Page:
A day in Zaytuna farm, the home of Geoff Lawton

So we've been spending the past few days exploring the amazing coastline between Sydney and Brisbane, firstly because it's so bloomin beautiful here, but mainly because there are just so many permaculture people here, it really feels as though there's an interesting project or quirky homestead around every corner. I could spend months exploring this area (if we hadn't already spent 8 months on the road and weren't starting to feel pretty burned out from it all)..

Anyhow one place we just couldn't miss was the home of Geoff Lawton and the Permaculture Research Institute of Australia. Anyone who has spent any time looking into permaculture on the web will have come across Geoff and his squillions of you tube videos and his hugely popular online PDC. Geoff has been working in permaculture design for about 30 years now after first studying with Bill Mollison, the granddaddy of permaculture in the mid 90's, and has since then designed and implemented thousands of projects all around the world and taught more courses than probably he can even remember. You can read everything there is to know about Geoff from his website and probably a million other places online too. 

We originally wanted to volunteer at the farm, but they only want people who can commit to at least a month. Totally understandable, but unfortunately much more time than we have right now (as we are trying to fit everything into our 2 week 'grown up time' we managed to squeeze by sending Ohli off on holiday with his grandma). But the farm manager Desmond offered to find a couple of hours to meet with us and give us a tour of the site, something he doesn't normally do, which we were incredibly grateful for. 

Zaytuna farm is amazing. Geoff has had the land now for about 17 years, and you could see the amount of energy and experience he had put into it over that time. There was a PDC running whilst we were visiting, but the difference in atmosphere between the PDC here and at Djanbung gardens not too far away was huge. It was clear that a huge amount of money had been invested in the site, like with their battery bank for their solar panels - it was the hugest I've ever seen in my life!

The land is mainly on a slope which had been entirely dug out with swales and planted with a huge variety of food forest plants. On the flat land they had main crop gardens, which looked really abundant with food whilst we were there. One system that I didn't like so much was that at Zaytuna they farm rabbits for meat. I understand the theory and sustainability behind it all, but the rabbits were literally factory farmed, in a small enclosed pen (which did get moved around) but it still felt rather sad to me.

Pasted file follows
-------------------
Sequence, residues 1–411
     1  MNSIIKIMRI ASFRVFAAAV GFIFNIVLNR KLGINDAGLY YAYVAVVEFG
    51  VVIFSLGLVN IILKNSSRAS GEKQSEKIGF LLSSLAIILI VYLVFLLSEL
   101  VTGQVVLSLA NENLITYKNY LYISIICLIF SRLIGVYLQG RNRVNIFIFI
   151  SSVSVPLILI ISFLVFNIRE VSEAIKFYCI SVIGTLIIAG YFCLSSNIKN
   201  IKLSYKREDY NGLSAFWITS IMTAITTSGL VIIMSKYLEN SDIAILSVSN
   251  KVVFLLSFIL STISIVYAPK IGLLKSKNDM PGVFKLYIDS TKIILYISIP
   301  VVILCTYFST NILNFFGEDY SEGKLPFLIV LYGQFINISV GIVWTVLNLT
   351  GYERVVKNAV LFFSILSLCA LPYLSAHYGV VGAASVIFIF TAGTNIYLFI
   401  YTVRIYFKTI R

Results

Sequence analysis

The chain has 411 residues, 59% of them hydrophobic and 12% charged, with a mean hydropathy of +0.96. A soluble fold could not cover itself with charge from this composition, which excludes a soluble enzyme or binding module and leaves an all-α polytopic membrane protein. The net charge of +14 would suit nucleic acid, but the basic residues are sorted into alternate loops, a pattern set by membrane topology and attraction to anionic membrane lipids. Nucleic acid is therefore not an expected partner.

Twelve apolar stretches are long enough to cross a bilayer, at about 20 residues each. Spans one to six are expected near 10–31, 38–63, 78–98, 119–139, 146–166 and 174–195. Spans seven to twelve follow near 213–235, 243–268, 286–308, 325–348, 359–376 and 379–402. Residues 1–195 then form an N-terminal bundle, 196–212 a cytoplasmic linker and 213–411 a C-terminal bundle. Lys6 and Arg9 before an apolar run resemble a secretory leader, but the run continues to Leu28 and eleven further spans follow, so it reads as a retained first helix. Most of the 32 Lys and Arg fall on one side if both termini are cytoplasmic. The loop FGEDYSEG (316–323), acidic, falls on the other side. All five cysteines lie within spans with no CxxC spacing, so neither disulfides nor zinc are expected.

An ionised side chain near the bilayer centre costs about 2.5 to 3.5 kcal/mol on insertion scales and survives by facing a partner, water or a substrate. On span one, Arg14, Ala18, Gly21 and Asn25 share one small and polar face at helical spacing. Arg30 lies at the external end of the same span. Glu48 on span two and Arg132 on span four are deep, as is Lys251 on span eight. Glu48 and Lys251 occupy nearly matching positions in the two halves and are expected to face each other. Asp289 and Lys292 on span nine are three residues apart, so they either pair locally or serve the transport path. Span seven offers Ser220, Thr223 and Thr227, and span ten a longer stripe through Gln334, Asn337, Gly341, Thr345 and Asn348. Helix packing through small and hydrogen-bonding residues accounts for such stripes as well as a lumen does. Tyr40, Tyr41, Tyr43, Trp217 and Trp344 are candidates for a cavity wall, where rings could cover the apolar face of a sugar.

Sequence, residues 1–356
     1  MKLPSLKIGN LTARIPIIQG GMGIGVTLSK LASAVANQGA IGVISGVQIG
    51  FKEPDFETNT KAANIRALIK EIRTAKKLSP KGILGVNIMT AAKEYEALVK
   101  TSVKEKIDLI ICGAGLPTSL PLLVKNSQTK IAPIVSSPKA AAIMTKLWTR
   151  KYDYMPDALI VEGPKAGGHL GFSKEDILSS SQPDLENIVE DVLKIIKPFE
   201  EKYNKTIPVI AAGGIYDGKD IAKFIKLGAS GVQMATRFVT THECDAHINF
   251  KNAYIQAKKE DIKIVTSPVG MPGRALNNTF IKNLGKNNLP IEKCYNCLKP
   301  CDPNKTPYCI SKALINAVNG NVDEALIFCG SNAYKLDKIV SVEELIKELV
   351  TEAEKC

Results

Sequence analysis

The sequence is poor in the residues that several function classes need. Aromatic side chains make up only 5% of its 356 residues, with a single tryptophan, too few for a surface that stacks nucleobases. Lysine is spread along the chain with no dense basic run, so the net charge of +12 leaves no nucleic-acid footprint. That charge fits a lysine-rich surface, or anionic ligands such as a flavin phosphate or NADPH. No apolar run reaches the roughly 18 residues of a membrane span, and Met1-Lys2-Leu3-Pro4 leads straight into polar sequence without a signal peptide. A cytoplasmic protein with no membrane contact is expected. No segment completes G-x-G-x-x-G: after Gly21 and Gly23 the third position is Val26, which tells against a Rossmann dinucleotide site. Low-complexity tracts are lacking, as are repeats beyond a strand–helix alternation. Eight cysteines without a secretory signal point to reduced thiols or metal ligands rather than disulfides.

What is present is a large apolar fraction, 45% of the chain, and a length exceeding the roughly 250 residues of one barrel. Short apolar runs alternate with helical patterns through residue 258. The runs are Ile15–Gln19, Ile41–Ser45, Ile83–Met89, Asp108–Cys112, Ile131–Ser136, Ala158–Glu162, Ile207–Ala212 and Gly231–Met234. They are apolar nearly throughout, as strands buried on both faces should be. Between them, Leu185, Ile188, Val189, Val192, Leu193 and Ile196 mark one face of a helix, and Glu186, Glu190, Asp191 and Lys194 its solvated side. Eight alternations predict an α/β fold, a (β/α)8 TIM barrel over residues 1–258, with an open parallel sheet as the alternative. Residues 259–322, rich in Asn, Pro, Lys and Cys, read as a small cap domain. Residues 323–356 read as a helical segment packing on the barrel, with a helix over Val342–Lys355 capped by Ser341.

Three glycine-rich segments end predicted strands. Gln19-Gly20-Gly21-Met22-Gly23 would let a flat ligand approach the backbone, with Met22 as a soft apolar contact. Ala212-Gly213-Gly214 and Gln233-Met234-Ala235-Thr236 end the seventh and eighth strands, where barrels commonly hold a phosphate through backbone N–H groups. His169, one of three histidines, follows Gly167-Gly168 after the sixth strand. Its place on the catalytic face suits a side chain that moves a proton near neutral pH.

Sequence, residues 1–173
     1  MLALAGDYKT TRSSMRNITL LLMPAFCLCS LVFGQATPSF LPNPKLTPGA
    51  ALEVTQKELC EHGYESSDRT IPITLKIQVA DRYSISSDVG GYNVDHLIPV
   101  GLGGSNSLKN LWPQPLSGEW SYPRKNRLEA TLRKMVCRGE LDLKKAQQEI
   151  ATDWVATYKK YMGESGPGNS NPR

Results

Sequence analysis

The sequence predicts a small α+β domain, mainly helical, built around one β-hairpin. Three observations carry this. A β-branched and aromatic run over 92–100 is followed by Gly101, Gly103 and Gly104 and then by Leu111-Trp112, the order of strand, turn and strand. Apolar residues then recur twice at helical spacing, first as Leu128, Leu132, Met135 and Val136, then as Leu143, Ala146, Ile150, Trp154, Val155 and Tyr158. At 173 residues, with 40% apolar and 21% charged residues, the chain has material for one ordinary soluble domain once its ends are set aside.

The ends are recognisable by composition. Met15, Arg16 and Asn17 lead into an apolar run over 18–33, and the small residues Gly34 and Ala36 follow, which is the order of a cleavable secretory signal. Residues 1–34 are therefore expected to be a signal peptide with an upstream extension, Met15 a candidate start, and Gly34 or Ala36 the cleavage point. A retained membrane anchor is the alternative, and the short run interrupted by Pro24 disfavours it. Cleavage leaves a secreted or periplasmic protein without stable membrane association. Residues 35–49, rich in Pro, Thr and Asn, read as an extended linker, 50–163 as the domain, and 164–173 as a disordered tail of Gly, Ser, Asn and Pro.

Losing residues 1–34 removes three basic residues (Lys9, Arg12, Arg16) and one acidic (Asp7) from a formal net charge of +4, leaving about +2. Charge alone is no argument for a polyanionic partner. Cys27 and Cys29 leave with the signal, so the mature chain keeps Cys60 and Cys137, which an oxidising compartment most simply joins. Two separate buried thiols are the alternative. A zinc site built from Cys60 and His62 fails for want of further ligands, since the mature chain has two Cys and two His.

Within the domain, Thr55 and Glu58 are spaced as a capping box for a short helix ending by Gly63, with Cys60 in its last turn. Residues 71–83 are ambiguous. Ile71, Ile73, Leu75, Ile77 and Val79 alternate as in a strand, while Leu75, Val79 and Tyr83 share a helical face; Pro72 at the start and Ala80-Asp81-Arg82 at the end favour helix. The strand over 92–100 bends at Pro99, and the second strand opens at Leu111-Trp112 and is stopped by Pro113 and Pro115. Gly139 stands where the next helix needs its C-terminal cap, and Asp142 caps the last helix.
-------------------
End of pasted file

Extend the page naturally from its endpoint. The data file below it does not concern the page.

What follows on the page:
There was a real sense of community at Zaytuna - Geoff and his family live on site along with Desmond the farm manager, several wwoofers and a team of 10 interns, who stay for a year. Its free to stay as an intern here, and it sounds as though they are given a huge amount of training, experience and responsibility along with a huge workload, but go on to work all around the world as accomplished designers after their time at Zaytuna. One thing I especially loved was that they always try to take one at least one intern who has a family, which, as Desmond says, brings more life and a homely, family atmosphere to the farm. I just love this integration, it makes me smile so much after so many years spent studying permaculture with a child in tow.

After a couple of hours of Desmond showing us all around Zaytuna farm and explaining all of their different systems we were feeling both filled with inspiration and a little overwhelmed. I have met Geoff and his partner Nadia on several occasions, and spent a week with his daughter Latifa when she joined us at the childrens area for the International permaculture convergence in London a couple of years ago. But I have to say that visiting his farm and seeing just how much careful planning, hard work and faith and devotion had been put into developing a fantastic educational centre I left with a really deep respect for Geoff and his work, and of course for Desmond too. 

I would love to explain all of the systems in place at Zaytuna farm but think I'd most likely do a terrible job. So it's probably a much better idea to let Geoff tell you all about it in the video below, made just a month or so before we visited.